Mistaken ID leads to jail, mental hospital for veteran

Kenneth Williams lost almost a year of his life to the Fulton County Jail and a state mental hospital because of mistaken identity.

Williams, a disabled Army veteran with memory and mental problems, was booked into the Fulton County jail on a misdemeanor charge Jan. 4, 2011. By the time he was released 16 days later, his records had apparently been commingled with the records of another jail inmate, a “tragic” mistake that would haunt him for more than three years, according to his lawyer.

As a result of the mix up, Williams was arrested three times on warrants meant for the other man, who is identified as K.W. in a pre-lawsuit notice sent to Fulton County. The notice says Williams is seeking $6 million.

Once he was released earlier this year, everything he needed to survive was gone — his driver’s license and his veterans and Social Security benefits. The false drug charge remains as part of Williams’ records, which show aliases that could be combinations of Williams’ and K.W.’s names — Maurice Lewis, Maurice Kenneth Lewis, Kenneth Weems, Kenneth M. Williams and Kenny Williams.

It was after the third arrest on the warrant meant for K.W. that Williams, locked up in jail, was forcibly medicated to make him stop insisting that the criminal justice system had the wrong man. The anti-psychotic medication was intended to make him competent to stand trial on the charges against K.W.

Yet, while Williams was medicated in jail on K.W.’s charges, the real defendant was arrested and taken to the Fulton County Jail and released twice. Williams’ lawyer, John Merchant, called it a “cruel irony.”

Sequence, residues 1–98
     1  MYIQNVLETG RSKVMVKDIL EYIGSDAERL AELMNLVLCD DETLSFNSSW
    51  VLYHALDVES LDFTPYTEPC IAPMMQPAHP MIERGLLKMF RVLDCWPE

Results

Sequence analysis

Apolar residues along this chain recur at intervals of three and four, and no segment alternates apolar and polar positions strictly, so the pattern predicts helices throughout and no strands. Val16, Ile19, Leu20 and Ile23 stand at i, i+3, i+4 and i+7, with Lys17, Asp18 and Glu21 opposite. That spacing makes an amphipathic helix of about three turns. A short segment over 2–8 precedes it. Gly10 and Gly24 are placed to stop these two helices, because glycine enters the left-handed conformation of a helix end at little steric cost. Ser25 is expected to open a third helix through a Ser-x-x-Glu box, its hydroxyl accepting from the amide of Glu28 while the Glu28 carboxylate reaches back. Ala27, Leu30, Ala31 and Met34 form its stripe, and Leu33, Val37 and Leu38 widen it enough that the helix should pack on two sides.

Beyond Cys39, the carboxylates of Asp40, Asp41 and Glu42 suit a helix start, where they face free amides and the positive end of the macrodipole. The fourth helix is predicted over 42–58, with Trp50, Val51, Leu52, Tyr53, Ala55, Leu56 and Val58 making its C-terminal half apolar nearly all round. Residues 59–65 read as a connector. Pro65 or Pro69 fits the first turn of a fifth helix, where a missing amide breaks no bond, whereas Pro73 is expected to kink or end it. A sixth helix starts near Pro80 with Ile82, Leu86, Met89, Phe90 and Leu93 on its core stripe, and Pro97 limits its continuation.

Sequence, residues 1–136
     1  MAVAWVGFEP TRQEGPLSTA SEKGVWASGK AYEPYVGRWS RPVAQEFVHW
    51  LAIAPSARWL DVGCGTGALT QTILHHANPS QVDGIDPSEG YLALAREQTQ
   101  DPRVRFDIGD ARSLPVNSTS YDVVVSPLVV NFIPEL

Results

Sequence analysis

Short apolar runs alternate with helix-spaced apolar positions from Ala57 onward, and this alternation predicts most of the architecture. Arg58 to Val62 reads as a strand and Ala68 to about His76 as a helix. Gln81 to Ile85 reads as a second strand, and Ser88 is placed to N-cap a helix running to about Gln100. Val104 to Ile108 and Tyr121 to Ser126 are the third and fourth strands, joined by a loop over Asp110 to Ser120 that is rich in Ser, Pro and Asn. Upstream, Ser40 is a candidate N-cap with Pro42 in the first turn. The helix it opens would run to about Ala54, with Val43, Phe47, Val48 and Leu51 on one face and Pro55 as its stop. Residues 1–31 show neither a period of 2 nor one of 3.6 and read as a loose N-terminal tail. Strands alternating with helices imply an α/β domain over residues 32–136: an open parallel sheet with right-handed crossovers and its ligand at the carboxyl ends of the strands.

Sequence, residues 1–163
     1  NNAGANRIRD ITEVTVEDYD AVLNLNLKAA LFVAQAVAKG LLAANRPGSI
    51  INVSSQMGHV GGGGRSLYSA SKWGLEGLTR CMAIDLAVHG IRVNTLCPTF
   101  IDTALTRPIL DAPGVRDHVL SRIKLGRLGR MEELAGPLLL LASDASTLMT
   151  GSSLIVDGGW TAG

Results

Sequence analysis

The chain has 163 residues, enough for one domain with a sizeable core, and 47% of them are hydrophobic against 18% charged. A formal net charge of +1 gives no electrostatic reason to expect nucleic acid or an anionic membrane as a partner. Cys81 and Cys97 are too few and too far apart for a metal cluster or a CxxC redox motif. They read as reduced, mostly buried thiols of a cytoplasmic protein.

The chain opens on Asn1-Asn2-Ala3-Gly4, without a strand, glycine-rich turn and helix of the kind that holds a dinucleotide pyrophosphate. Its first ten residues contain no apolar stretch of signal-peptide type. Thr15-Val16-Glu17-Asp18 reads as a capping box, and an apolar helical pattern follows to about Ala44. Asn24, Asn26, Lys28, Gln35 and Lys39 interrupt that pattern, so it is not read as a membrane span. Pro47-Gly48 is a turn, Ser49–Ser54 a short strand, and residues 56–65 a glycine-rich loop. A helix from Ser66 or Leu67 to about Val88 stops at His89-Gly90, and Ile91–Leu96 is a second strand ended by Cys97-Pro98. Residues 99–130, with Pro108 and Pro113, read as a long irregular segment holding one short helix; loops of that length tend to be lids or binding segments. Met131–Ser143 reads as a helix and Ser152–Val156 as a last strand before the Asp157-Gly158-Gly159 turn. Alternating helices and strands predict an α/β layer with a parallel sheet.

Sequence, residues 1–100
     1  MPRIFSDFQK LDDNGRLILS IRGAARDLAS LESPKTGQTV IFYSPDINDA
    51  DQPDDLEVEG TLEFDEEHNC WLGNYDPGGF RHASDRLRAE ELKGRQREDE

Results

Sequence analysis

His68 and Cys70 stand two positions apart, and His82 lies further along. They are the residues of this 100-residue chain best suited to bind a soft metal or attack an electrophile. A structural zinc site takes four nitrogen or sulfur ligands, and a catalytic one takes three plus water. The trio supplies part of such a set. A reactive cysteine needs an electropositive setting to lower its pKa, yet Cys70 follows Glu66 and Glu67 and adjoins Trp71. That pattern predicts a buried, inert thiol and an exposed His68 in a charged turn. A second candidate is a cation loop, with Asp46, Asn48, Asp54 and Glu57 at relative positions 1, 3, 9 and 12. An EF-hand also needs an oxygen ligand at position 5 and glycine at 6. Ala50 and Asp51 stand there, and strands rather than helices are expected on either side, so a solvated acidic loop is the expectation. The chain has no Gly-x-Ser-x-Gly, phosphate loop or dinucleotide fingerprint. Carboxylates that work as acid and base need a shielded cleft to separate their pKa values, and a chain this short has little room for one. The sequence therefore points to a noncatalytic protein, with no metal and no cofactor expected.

Fulton sheriff’s spokeswoman Tracy Flanagan said the jail is investigating the claims Williams has made. Otherwise, she said, the office has no comment because of the potential legal action.

In total, Williams spent more than seven months in the Fulton County Jail and another four months in Georgia Regional Hospital.

“It’s amazing something this simple could screw up somebody’s life like this,” Merchant said.

“This is a tragic case, unfortunately, for a gentleman who doesn’t have a firm foothold on the world,” Merchant. “He’s a classic case of people ignoring obvious pleas. He’s saying ‘it’s not me,’ but … they just dismissed him.”

Williams’ unfortunate journey started with his first arrest was on a misdemeanor charge of criminal trespass on Jan. 4, 2011. Three days later, K.W. was booked into the jail on a felony charge of possession of heroin and three misdemeanor drug charges.

Williams was released Jan. 20, 2011, having completed his sentence on the misdemeanor charge, and for a year-and-half he had no problems.

Beginning in June 2012, Williams was arrested three times on warrants issued because K.W. had not come to required court hearings. The first two times, Williams spent 13 days in jail. The third time, March 7, 2013, Williams was locked up in the Fulton County Jail for seven months and then sent to the Georgia Regional Hospital to be forcibly medicated with anti-psychotic medication to make him competent to stand trial. His competency to stand trial was at issue because Williams kept insisting that he was not who they said he was.

In February, Williams was heard.

After a social worker checked jail records and found Williams was already in jail the day K.W. was brought in on drug charges, a doctor suggested the judge order a fingerprint comparison.

Williams was released from the hospital in February.

Yet, Merchant says,Williams’ and K.W.’s jail records remain linked five months after Bedford ordered Williams released. “These errors continue to haunt Mr. Williams,” Merchant said in the written filing.

Williams isn’t angry, he said. Mostly he wants to get another driver’s license, which the state suspended because of the drug charges linked to him. Williams is trying to restart his monthly veterans and Social Security benefits, cut off automatically when he was jailed.

“I’m free but it still affects me because my benefits are gone and I’m not the same person,” said Williams, now 60 and living at a VA facility in southwest Atlanta. “(They) keep telling me they’re going to give me my benefits back and they haven’t done it.”

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